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I was hesitant to pick up the third volume in Kaoru Mori’s new manga series, A Bride’s Story, since I had read that the majority of the stories would feature Henry Smith, the young Englishman traveling through Central Asia for research.  I thought he was funny as the comic-relief weirdo, so I wasn’t sure what to expect with him as the leading man.  But of course, this volume was just as good as the first two.  And even though Mr. Smith was more serious, he still provided you with many opportunities to laugh at him.

The bulk of the chapters focus on Mr. Smith after he has parted ways with the Eihon family and is currently looking for his guide who will take him to Ankara.  After a mix-up, he meets Taras, a lovely black-widow, who invites him to stay with her and her mother-in-law.  But what happens when her mother-in-law asks him to marry her?  And what will happen when he gets arrested and thrown into prison on suspicion of being a spy?  He’s just Mr. Smith, a man conducting research for no reason – even though no one does that.

I was glad that Amir and Karluk showed up, along with Pariya who has fast become one of my favorite characters.  Not only are they so nice to see, but through them we got a chapter on what kinds of delicious food you can buy in the market.  Pariya even got her own bonus chapter which was a series of short scenes that tried to explain her personality.  I thought she was kind of weird and way too intense in the first two volumes, but she’s really grown on me.  Plus, it looks like taking a trip with the young Eihon couple was an eventful decision – she meets someone!  Those two are already too cute.  So their cuteness made up for the fact that there was no Azel (Amir’s older brother – my favorite character) other than a throwaway line that the Halgal tribe might have been involved in a skirmish with the Russians.  Don’t kill Azel!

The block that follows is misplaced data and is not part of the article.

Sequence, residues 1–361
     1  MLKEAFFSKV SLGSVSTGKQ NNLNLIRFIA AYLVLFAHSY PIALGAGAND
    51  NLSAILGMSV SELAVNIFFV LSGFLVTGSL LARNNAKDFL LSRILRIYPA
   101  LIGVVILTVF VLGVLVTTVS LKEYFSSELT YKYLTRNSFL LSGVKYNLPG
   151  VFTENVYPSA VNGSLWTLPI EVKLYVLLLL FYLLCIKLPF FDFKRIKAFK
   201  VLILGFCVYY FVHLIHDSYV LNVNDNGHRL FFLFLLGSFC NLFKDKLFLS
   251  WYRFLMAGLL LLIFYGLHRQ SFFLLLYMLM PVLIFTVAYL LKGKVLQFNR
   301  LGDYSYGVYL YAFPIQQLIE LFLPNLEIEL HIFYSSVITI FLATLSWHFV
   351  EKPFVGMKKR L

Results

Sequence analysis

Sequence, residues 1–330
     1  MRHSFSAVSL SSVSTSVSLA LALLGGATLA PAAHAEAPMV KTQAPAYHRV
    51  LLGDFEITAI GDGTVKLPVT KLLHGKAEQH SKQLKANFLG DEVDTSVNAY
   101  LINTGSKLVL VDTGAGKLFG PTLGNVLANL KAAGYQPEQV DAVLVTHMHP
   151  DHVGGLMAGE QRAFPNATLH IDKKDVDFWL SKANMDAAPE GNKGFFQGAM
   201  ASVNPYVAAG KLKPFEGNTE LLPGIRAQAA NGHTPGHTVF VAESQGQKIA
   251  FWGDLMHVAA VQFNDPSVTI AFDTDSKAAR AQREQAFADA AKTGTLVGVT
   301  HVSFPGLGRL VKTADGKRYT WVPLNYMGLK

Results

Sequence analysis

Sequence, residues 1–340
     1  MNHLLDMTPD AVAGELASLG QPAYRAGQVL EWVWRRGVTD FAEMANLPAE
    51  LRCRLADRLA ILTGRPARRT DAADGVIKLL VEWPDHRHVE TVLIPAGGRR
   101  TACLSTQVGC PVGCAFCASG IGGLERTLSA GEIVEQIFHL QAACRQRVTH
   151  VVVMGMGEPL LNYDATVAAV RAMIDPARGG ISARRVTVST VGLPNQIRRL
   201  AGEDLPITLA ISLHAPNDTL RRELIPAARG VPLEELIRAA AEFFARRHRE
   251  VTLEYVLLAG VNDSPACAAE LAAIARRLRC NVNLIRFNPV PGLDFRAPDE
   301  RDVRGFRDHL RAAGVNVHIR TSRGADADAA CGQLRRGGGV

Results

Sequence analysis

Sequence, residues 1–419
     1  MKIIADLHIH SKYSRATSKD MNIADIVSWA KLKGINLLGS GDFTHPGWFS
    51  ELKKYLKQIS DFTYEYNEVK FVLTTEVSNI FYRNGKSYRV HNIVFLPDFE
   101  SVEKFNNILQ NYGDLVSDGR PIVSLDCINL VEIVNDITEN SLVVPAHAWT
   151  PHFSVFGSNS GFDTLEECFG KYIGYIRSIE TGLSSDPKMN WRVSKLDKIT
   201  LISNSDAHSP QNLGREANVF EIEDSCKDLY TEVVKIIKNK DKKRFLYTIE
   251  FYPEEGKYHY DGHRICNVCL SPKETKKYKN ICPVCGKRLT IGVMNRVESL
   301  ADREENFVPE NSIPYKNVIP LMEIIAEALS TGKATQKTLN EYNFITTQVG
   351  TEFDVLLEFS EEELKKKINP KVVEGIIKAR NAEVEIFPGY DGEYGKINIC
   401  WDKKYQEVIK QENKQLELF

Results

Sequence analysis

We also met a new character, Ali, Mr. Smith’s guide.  I’m not sure about him yet – I can’t help suspecting that he’s motivated by more than money.  This series is probably Mori’s most ambitious work yet in terms of scope – it looks like she’s going to delve into political intrigue and maybe even war.  When I heard that the series was going to be about the Silk Road, I thought it would just be about a lot of stuff to buy and sell, but I guess I would have been into that too.

And Mori’s Afterword Manga/omake continues to be too funny.  I think it’s as much of a draw as her actual stories.  I love that Kodansha recently reprinted Naoko Takeuchi’s Sailor Moon (still the best ever!) and Codename: Sailor V (what an unexpected treat!), but the volumes don’t include any notes from the manga-ka.  Lame.  What is even lamer is that there’s no fourth volume of A Bride’s Story set for release any time soon.  I guess this will give me a taste of the pace of life in early 19th century Central Asia.

Related Posts:

A Bride’s Story: Volumes 1-2

Emma: Manga Review

Shirley: Manga Review